Part of the problem in grammar school was that I was also taller than half the girls (and boys), so even if I only had twenty pounds on them, I had a few inches and might as well have been a monster considering them as part of my next meal.
Kids are cruel, and the height thing is funny because as I got older, people who cared about me, and loved me would also justify my weight commentary with “Yea, but you’re tall” as if the length somehow justified the width, I mean those are two different measurements.
Years later in high school – my all girls, all races, religions, colors, shapes and sizes high school I remember singing a jingle to a commercial and a classmate saying “You need to be singing 1-800-94-Jenny for some Jenny Craig”. She herself was fat, but in a different way.
Once you get to college nobody cares what you look like. Except a few people – but they don’t CARE they just want you to know they know whatever flaw or weakness you have.
After college I think it was a non-issue. Well, I mean the commentary or insecurity (to a degree) not the being fat. That stayed. Then was less, then was more, then less and there were shakes and pills and fads and supplements and restrictions and juice fasts.
When my mom and I talked about my weight situation a few years ago, she commented about how despite it having been a struggle or an issue for me, it never really affected my quality of life. It didn’t. I always had friends, acquaintances, I was invited to more things than I wanted to participate in, had boyfriends and flings, had jobs and made moderately useful contributions to my community and society.
The only person who truly cared about my weight was me. Oh, and some dicks I met working as a waitress or drunk guys at parties.
I forcibly chased a guy out of a friend’s party once because he called me fat. Looking back, I don’t think he even used the word fat, just the implication that I was and I was mortified in front of a bunch of people whose names I don’t even remember now even though they probably live and work right where I left them.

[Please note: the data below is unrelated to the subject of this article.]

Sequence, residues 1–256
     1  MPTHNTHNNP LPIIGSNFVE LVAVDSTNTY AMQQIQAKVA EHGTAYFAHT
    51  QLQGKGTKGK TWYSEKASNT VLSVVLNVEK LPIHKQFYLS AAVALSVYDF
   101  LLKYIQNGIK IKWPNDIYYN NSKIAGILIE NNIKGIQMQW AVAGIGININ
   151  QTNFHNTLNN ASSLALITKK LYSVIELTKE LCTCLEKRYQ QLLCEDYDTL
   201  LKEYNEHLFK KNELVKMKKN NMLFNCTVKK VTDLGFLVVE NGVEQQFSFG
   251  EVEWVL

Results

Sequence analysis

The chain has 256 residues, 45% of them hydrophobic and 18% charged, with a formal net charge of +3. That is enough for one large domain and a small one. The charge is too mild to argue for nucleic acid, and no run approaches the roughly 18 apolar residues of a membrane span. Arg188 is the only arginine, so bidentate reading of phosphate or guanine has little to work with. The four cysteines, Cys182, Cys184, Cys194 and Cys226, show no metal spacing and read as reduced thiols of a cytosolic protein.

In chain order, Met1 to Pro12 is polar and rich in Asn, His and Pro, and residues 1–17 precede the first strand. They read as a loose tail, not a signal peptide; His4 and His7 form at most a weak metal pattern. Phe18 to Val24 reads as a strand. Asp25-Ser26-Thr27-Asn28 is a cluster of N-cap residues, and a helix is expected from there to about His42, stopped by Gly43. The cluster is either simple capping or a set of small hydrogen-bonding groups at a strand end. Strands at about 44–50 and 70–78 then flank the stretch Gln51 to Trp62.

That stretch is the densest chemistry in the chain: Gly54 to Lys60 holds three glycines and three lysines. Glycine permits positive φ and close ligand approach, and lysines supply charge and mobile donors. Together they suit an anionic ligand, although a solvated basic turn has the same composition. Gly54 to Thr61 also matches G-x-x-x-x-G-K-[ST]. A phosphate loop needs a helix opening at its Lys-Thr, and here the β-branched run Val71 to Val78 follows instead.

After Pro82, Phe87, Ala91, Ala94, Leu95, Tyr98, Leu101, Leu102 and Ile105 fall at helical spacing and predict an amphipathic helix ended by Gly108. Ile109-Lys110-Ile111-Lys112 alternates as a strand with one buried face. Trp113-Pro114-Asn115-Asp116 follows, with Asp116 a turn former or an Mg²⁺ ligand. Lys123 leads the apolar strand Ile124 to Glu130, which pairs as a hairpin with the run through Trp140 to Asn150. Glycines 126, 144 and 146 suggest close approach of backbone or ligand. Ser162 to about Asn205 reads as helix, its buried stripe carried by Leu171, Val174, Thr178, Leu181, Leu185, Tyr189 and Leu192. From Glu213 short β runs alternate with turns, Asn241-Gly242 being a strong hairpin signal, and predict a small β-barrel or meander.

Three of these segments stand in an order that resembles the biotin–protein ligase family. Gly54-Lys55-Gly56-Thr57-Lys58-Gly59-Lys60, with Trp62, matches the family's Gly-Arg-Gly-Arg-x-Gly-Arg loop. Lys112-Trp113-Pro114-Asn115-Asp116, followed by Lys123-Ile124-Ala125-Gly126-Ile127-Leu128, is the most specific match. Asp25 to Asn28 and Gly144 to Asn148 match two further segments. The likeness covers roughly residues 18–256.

I pushed him with my voice, out the door, down the hall and down a flight of steps, halfway through it he started complaining that he brought beer or wine coolers and wanted them back if he had to leave; I said something like “No fucking way are you going back in there, here’s your money” and I was tossing fives and ones at him while I visually shoved him down the stairs. He was nobody to me and the majority of the people in that room probably weren’t either, but I was not letting him have the last word on me.
I’d rather be the one people talked about as a bitch or loudmouth than fat. It was as if I had let everyone know I had this one syllable kryptonite that rendered me mean and sad inside the minute it was unleashed.
Now, almost out of my thirties I know that words really only have the value we give them, and even as a writer, on a small scale, I know that sticks and stones may break my bones but words ain’t shit.
So yea, I always had a pretty normal quality of life. I didn’t worry that in a middle of the night fire I would burn to death because a fireman couldn’t lift me out of my bed, or that in the event of a plane crashing into water I would drown because the only way out was a miniature window I might be able to stick my arm through. I was never afraid that I would be loveless and grow old alone with a bevy of pets and unwritten love letters. I had never really had anything go on in my life that I attributed positively or negatively to my weight, until I did.
And back to pills and shakes and supplements and counting points, and not eating carbs, and only eating cabbage and drinking my weight in water, cutting out dairy, juicing every fruit and vegetable in my fridge, cutting out meat, not even looking at desserts.
These were rarely ever done at the same time, I didn’t ever have an eating disorder, not in the traditional sense anyhow. But someone who spent that much of their life counting and cutting and avoiding definitely had some eating issues.